Got toothache? There could be many causes, such as gum disease (gingivitis), plaque, teeth grinding and acid erosion.
‘Don’t let toothache ruin your life.’ It’s not necessary. Of course proper oral hygiene is important – brush properly, eat properly, use mouth oil, floss, use toothpicks, regular check-ups by your dentist: it stops toothache.
What could cause toothache, gingivitis or dental plaque?
Toothache, gingivitis or dental plaque could be caused by a variety of issues, but the underlying problem is actually always bacteria. By tackling toothache you can ultimately prevent and cure it.
Gum disease (gingivitis): caused by plaque, redness or swelling
This causes your gums to become sensitive, red and/or to bleed, and can even cause a root infection, which is extremely painful. The deeper the bacteria is able to penetrate the gum, the more painful the disease could be.
Dental plaque: living bacteria that corrode your teeth
Plaque occurs in areas that are difficult to reach with your toothbrush. Amanprana mouth oils are perfect for total oral hygiene, as the oil can reach all spots in your mouth.
Acid erosion: caused by acids penetrating your teeth
Acids in your mouth can attack the enamel on your teeth, making them more sensitive and sometimes resulting in infections. When the enamel has been completely removed, tooth decay can set in.
Braces: can cause toothache and cuts in your mouth
Whenever your braces are adjusted or tightened, a great deal of pressure is placed on your teeth, which can cause temporary toothache. Braces can also cut the inside of your jaw – the areas around your teeth or your gums – which could become infected and painful.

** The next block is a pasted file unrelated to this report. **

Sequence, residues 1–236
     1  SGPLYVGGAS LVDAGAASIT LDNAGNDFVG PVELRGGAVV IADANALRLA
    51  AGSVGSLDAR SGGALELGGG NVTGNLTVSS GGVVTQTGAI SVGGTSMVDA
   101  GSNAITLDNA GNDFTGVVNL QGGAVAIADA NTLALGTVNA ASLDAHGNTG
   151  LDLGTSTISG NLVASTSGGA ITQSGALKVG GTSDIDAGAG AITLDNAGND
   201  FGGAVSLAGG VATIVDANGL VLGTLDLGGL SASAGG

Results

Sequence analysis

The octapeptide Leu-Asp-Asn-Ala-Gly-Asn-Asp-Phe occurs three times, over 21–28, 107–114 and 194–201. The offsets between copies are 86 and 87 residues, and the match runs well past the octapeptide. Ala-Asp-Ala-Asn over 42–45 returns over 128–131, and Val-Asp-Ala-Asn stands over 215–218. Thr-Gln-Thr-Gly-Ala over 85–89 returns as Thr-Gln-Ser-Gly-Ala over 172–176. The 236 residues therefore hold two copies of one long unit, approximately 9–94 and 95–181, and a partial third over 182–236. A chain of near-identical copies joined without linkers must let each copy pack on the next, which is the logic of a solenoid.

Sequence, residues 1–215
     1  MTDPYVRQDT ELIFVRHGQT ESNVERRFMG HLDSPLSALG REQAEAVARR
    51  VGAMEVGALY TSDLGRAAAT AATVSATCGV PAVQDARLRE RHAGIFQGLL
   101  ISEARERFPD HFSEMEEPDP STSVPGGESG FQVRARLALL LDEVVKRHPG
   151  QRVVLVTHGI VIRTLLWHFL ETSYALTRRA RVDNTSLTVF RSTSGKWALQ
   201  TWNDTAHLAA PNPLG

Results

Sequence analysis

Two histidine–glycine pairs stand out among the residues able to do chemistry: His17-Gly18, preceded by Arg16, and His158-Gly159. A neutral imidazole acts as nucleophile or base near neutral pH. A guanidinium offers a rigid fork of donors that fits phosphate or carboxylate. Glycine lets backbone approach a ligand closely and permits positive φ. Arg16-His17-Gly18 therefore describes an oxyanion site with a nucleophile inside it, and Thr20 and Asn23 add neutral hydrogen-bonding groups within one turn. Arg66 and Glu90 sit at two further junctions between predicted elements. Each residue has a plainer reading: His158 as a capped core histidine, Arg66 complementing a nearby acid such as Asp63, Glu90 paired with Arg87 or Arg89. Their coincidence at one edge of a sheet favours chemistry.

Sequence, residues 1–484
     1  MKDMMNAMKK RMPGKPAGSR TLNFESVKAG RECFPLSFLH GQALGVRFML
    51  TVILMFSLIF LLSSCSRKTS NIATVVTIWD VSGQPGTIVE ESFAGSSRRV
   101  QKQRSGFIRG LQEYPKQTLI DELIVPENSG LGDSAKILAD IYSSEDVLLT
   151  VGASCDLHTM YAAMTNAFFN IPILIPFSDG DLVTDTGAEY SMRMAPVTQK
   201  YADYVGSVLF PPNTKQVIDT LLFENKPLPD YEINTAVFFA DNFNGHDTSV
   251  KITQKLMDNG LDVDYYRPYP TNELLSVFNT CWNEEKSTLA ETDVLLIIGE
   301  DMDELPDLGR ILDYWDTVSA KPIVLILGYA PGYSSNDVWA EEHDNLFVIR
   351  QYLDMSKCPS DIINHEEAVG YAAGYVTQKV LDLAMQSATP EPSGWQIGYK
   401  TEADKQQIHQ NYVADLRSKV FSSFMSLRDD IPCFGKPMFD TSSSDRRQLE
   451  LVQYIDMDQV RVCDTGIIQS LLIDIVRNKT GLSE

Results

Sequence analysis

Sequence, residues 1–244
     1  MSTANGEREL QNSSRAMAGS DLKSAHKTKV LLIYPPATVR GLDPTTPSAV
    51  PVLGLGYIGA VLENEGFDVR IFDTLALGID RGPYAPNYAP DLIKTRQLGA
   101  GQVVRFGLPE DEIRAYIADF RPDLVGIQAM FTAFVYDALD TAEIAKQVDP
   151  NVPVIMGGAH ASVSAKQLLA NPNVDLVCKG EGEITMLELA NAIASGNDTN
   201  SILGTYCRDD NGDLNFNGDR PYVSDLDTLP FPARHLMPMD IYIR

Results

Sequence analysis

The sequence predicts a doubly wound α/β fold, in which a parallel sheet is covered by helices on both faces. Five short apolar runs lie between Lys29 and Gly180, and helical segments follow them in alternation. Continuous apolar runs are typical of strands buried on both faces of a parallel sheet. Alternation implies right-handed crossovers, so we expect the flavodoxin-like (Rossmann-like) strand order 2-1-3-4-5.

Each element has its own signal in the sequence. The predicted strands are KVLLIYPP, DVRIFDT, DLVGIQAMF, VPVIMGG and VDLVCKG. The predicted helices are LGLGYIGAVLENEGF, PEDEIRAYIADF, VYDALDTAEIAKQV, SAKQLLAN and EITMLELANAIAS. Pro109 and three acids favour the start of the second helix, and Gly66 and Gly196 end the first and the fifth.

Dental plaque: bacteria that attach themselves to your teeth
Dental plaque is largely made up of dissolved food, mucus and bacteria, which attach themselves to your teeth and form colonies that become mineralised. These bacteria can lead to tooth infections or decay.
Grinding your teeth: can damage the enamel or wear them down
In extreme cases of teeth grinding, pieces of enamel or dentine could even break off, resulting in very painful toothache.
Tooth decay (dental caries): a cavity in the enamel where bacteria can get to work
The bacteria eats its way into your tooth and the closer it gets to your nerve the more painful it gets. ‘If there is pain, then the decay and/or gum disease has already been present for a while,’ says Dafalgan.
Enamel damage: abrasions can scrape the enamel off your teeth
This can be caused by brushing too hard or using a toothbrush that is too hard. Abrasive toothpastes (whiteners) can also damage your enamel.
Infected tooth nerve: can cause extreme pain
An infected tooth nerve, located deep inside the tooth in the dental pulp can cause extreme pain. If the pulp itself becomes infected, that means that bacteria have reached the root canal and tooth nerve, giving rise to great pain.
Removing dental plaque: can cause irritation or pain
Once plaque is removed from your teeth they can be more sensitive and more susceptible to pain. Small cuts can also be caused, which can become infected.
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